Jack Ma reportedly tried and failed to schmooze China with an offer to give 'any of the platforms Ant has' to the government before officials pulled its $37 billion IPO
Jack Ma offered to give parts of Ant Group to the Chinese government in a November 2 meeting, according to a new Wall Street Journal report, after Ma publicly scorned the nation’s financial regulatory system in late October.
Ma’s offer failed to win China over, however, and authorities pulled the firm’s would-be $37 billion IPO on November 5, following the introduction of new lending regulations.
The new details help paint a picture of how what was going to be the world’s largest IPO in history came screeching to a halt.
Experts say Ant won’t be the buzzy fintech disruptor it was touted as if the firm ever decides to resume its IPO. Instead, it will likely work more closely with traditional financial institutions.
Jack Ma attempted to extend an olive branch to the Chinese government on November 2 when he offered to give parts of his fintech firm Ant Group to the nation, according to a Wall Street Journal report.
The reported offer came after Ma publicly scorned the Chinese nation in late October, prompting Chinese President Xi Jinping to reportedly personally instruct regulators to dig into Ant’s financial risks.
“You can take any of the platforms Ant has, as long as the country needs it,” Ma told regulators in the early November meeting, according to sources that spoke to the Journal. Ma, however, failed to patch things up with China, and authorities slammed the brakes on what would have been Ant’s $37 billion IPO on November 5.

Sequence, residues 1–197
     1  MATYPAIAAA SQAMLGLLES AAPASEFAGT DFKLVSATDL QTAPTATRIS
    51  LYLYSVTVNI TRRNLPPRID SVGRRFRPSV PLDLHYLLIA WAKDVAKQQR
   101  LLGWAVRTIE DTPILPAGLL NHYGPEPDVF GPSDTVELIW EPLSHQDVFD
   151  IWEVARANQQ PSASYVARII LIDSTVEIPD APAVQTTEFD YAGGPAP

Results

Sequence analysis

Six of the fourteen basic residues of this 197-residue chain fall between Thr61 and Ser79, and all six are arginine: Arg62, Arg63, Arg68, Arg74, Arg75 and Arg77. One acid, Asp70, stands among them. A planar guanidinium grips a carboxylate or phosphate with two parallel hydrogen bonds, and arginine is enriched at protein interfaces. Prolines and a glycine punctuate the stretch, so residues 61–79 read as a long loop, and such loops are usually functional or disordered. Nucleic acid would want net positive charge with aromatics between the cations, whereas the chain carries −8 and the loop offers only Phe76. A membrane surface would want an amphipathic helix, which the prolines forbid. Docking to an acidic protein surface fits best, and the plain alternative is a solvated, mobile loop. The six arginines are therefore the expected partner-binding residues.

Ant Group did not immediately respond to Business Insider’s request for comment.
The report comes after what was a public whirlwind IPO process for the Chinese fintech firm. The company was expected to raise $37 billion, which would have made the IPO the largest in history. It would have catapulted the firm past some of the biggest banks like Goldman Sachs, signaling that the fintech market would be ripe for fast-moving disruptors in the traditional financial sector.
But Ma criticized China’s financial regulatory system at a Shanghai conference on October 24, calling the rules ill-suited for supporting healthy innovation. A week later, regulators suddenly introduced new regulations for online lending, which directly impacted Ant’s successful lending and credit business. The new rules disqualified Ant for an IPO, and Shanghai suspended its offering on November 3. The firm willingly pulled its Hong Kong listing on the same day.
Experts previously told Business Insider that Ant now has its work cut out for it. If it wants to resume its IPO, it’ll have to review China’s new lending rules and reapply to qualify for its dual listing. And if it does go public, experts said that Ant won’t be the buzzy fintech disruptor it was once touted as and will likely be injected with a more conservative banking methodology. As the WSJ reports, that could include allowing Chinese banks to buy into Ant, which could help pick up the slack if Ant fell short on capital.
China has also introduced more regulations to keep tech firms in check in the nation. That includes setting stricter anti-competitive behavior guidelines, like preventing firms from banding together to stifle smaller competitors and from sharing sensitive user data. The new rules, introduced in early November, directly impact China’s biggest tech companies, including Alibaba.
Daniel Zhang, the CEO of Alibaba, which was founded by Ma and is an affiliate firm of Ant, said the new restrictions were “timely and necessary.” Zhang’s comment contrasts sharply with Ma, who also called the people enforcing a set of international banking regulations as “an old man’s club.”
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